Illuminating the Shadow
A conversation with Shandor Remete (Sundernath)
By Penny Cuthbert and Louise Goodvach 2004
Shandor Remete is something of an alchemist when it comes to teaching Hatha Yoga. From a rigorous study of Hatha Yoga, Sanskrit and Ayurvedic texts, he has distilled their wisdom and integrated this knowledge into his practice and teaching. This transformative practice he calls Shadow Yoga – a name derived from a chapter of the Shiva Svarodaya titled ‘Yoga of the Shadow Man’.
Two of Remete’s students, Louise Goodvach and Penny Cuthbert, spoke to him about his life and work.
I was introduced to yoga through my father who learnt in Hungary before the Second World War. He had studied with an Indian whose name he never disclosed. I remember at an early age entering the room that my father used for practice. As I showed a desire to learn he left traces of yoga all over the place like photographs and books that were within my grasp of understanding. Never did he say ‘do yoga’.
My father allowed my own curiosity to take hold and only gave me help when I asked. If I didn’t have the strength to get involved he never pushed. Pushing another person to do something that is not in them is a total violation of their faith. Just like my four children. Out of the four, two showed interest, the other two not the slightest and yet when they were little I planted the seeds. I used to put them in different poses. The body remembers, so if it is their karma (destiny) they will do it, if not they won’t. That was the greatest gift I had from my father. I guess that is why I’m still doing it. My brother on the other hand was suppler than me but had not the slightest interest. He used to think I was crazy. When he visited my school in Melbourne he would arrive in his cowboy boots and do Kandasana with his heels on his chest – in his cowboy boots! It was enough to depress my yoga students! But you know the flexibility is one thing and the want of pursuing a yoga practice is another. People should never confuse the two.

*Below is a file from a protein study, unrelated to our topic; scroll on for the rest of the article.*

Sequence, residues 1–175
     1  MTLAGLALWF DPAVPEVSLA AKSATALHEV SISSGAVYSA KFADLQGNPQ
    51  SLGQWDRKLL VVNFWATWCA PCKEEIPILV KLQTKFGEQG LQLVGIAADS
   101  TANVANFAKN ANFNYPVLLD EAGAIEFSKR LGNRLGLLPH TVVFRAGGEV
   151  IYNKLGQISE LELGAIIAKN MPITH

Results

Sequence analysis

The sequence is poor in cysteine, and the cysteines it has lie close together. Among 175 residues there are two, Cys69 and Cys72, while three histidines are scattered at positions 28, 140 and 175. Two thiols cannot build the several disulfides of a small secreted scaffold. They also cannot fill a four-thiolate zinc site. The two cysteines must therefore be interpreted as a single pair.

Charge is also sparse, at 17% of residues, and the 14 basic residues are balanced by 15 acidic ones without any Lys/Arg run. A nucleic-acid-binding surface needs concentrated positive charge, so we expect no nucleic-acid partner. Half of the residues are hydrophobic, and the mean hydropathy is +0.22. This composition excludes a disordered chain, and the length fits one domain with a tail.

With a bewildering range of Hatha Yoga styles currently in vogue it can be daunting to a yoga novice to know where their chosen style fits into the bigger yoga picture. Remete sees Shadow Yoga as the starting point for the practice of asana.
‘It is the beginning. In the practice of asana you don’t jump into any given form but you have to arrive at certain things. All these preparatory movements are the foundation of what I call the ‘prelude’. Every practice of asana consists of prelude, the chosen asana-vinyasa (series of postures linked with rhythmic breathing chosen to be the focus of the practice) and the conclusion (inverted poses). It carries a certain rhythm which prepares the individual for the internal practice of pranayama and meditation. It is not different to other Hatha Yoga principles. The only difference is that I use those suggested basics that are good for releasing and cultivating the energy before the activity begins’.
Remete was motivated to change his method of practice and teaching as he felt certain things were incorrectly utilised in contemporary yoga practice.
“It’s good for people to know that it is not something I thought up. Yoga just like all the other fields of internal arts developed from one another.Yoga evolved from the martial world, the animal kingdom, arts and crafts, and from the plant kingdom.”
Remete explains that sometimes when one borrows from another tradition, over time certain things are lost through a lack of understanding.
“I have a martial arts background and have studied martial arts for many years. So when I was in a yoga class on my first trip to India and we were doing the warrior stances I felt it made no sense. In martial arts the warrior stances (lunges,squats) are utilised to move energy and build power. After many years I saw that there was a lack of understanding in the proper utilisation of these postures in the practice of Hatha Yoga. So I further investigated the martial arts and the cultural dance of southern India like Kathakali and Barathanatya. I also investigated the art on the temple walls which illustrate the preparatory activities. Go to some of the Shiva temples where the one hundred and eight postures of the dancing Shiva or the Lord Nataraj and his cosmic dance are represented. They are all basic preparatory movements, but unless these basic principles of unfoldment are understood and correctly utilised, the obstructions will be of confusion and one’s practice not of good quality.”